At the latest AWS NYC Submit, Amazon announced "CloudWatch Logs", a log storage and monitoring feature that enables AWS customers to monitor and troubleshoot systems and applications using system, application and custom log files. CloudWatch Logs currently lacks some of the essential log management capabilities like search and sophisticated visualizations, nonetheless it is a major leap in functionality for CloudWatch.
CloudWatch Logs enable AWS customers to easily move logs off of individual EC2 instances into a central repository, and browse the logs via the web UI. But the most appealing feature of CloudWatch Logs is arguably the ability to monitor the logs for specific phrases, values or patterns, and generate alarms from them. CloudWatch Logs support variety of use cases:
Generate an alarm when a keyword shows up in the logs
You can generate alarms in near real-time every time specific keywords are found in the logs. This type of alarms are useful when you need to find out the moment something happens. For example, an alarm can be generated when an application throws an exception or a critical transaction fails.
Generate an alarm when something happens multiple times within specified time frame
This type of alarms are useful to detect conditions where a single log entry may be normal but multiple entries within a short time may indicate a problem. A typical example is failed login attempts. Many consecutive failed login attempts for a user within a short time may indicate a brute force attack to gain access to the system.
Extract metrics from logs
You can use filters to extract values from space delimited logs, and create alarms based on these values. For example, if metrics like number of connections or response times are logged by an application, you can extract this data from the logs and generate an alarm if the value is above a threshold, etc. CloudWatch already had support for generating alarms from custom metrics, however ability to parse the logs means you can extract metrics from any application including 3rd party ones.
Let's go through the configuration where we will generate alerts every time "Exception" keyword shows up in a particular log file.
- Amazon AWS Account
- In this example, we will use OpsGenie CloudWatch Integration API as an SNS HTTP/S endpoints to forward CloudWatch alarms to OpsGenie. If you don’t already have one, Create a free OpsGenie account. and follow the instructions to add CloudWatch integration. Alternatively you can forward alarms to a service like http://requestb.in to see the content of the alarms.
- An EC2 instance in US East (CloudWatch logs feature is only available in US East Region at the moment)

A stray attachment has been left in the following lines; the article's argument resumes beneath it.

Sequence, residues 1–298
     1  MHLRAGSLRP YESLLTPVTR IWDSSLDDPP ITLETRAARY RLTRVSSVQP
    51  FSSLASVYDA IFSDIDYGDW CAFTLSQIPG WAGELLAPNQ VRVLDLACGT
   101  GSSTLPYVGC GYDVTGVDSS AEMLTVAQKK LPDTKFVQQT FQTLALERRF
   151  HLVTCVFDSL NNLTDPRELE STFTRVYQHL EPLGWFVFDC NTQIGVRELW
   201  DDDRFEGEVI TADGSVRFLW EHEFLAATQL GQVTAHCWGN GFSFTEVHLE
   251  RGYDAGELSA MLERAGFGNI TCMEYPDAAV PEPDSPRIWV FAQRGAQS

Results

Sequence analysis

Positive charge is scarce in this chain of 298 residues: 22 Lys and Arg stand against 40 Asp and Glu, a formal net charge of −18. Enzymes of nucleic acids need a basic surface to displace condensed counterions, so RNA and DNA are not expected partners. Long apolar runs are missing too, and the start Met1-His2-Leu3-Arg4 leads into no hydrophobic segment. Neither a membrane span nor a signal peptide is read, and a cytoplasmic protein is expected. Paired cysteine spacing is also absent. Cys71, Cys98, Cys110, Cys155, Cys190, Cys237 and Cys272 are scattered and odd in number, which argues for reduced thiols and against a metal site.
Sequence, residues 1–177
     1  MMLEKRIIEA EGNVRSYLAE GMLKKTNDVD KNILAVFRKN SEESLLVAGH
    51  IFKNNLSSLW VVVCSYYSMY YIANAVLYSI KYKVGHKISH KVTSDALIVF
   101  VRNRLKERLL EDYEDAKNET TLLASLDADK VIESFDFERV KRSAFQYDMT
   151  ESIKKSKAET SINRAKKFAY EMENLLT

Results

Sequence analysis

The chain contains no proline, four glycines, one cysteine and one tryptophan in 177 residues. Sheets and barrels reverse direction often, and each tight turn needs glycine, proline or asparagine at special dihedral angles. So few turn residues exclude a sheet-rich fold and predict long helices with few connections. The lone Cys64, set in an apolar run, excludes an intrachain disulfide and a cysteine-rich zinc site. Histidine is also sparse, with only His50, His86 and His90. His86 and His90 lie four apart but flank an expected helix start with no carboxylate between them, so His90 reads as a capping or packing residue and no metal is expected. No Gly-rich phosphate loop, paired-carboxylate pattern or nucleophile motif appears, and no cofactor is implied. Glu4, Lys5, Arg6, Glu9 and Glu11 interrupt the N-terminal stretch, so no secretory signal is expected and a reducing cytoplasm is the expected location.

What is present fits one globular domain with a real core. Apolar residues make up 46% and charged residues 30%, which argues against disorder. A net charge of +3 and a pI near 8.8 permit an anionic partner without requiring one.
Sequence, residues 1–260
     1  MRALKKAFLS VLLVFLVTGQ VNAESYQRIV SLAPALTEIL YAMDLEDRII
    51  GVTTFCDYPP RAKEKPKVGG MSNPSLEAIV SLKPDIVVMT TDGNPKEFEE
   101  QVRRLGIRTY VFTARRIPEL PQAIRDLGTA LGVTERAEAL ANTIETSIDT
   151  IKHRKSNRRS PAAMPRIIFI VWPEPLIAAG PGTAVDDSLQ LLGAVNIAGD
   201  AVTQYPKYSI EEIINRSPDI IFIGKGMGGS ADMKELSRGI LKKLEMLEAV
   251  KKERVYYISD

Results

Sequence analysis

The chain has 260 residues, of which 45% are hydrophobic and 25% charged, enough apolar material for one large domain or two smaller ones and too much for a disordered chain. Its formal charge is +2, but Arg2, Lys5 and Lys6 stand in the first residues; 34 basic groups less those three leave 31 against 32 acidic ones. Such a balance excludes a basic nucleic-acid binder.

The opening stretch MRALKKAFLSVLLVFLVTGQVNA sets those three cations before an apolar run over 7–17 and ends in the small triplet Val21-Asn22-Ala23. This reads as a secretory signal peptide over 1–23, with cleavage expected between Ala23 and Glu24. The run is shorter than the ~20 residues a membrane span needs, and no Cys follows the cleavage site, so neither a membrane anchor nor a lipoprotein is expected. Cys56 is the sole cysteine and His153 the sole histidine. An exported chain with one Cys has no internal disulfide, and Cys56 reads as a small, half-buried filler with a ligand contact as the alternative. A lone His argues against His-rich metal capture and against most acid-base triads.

Install CloudWatch Log
- Create the AMI user with the below policy and save the credentials. For detailed instructions refer to this documentation
- Connect to your EC2 instance and run the following commands to download, install and configure Amazon CloudWatch Agent
wget https://s3.amazonaws.com/aws-cloudwatch/downloads/awslogs-agent-setup-v1.0.py sudo python ./awslogs-agent-setup-v1.0.py --region us-east-1
- AWSLogs Agent Setup script need some information about the system. Before running this script you need to know which logs file monitor and its timestamp format.
- I want to monitor /var/log/myapp/request.log. I fill the information like below. If you want to monitor more files enter "Y".
- Open the Amazon CloudWatch console at https://console.aws.amazon.com/cloudwatch/ . You must select the US East (N. Virginia) region.
- In the navigation pane, click Logs.After a while you see the Logs.Log groups are listed with name ( if file is empty, it isn't listed. Execute "echo "Aug 11 13:10:00 hello world" >> /var/log/myapp/request.log" command to add a log line. ).
- Click the /var/log/myapp/request.log. Log streams are listed with ec2 names as i defined in setup.
- Click the stream name and see the log data. Now we've successfully sent logs to CloudWatch.
- To define metrics for the log group, return to the "Log Groups", select "/var/log/myapp/request.log", and click on "Define Metric Filter".
- Create a metric filter for the "Exception" keyword. You can click "Test Pattern" to test the filter pattern with existing data in the logs ( Patterns are case sensitive and non alpha numeric characters must be put in double quotes.
- Give a name for the metric filter and click "Create Filter" button.
- You should now see the newly created filter. Click on the "Create Alarm" button.
- Use the SNS you have defined for OpsGenie integration as the notification target for the action (Send notification to field)
- CloudWatch is now configured to generate an alarm and forward it to OpsGenie via HTTPS whenever there is a log entry with Exception in it. For testing, add a log line with Exception into the log file
echo "Aug 11 13:15:00 Some Exception: something is really wrong" >> /var/log/myapp/request.log #learn current date with date command and i use it
- After a while, you should see an alert in OpsGenie.
- When I click the alert, i see the alert details.
CloudWatch provides a descent solution to store logs in a central repository, monitor the logs in near real-time, and you forward the alarms to OpsGenie, leverage OpsGenie's on-call schedules and escalation policies to determine the right people to notify, and notify them using iPhone & Android push notifications, text messages (SMS), and phone calls until the alert is acknowledged or closed. Using the integrated CloudWatch and OpsGenie solution, you can increase the reliability of your system and improve the customer experience.
Please feel free to contact us with any questions and share your use cases.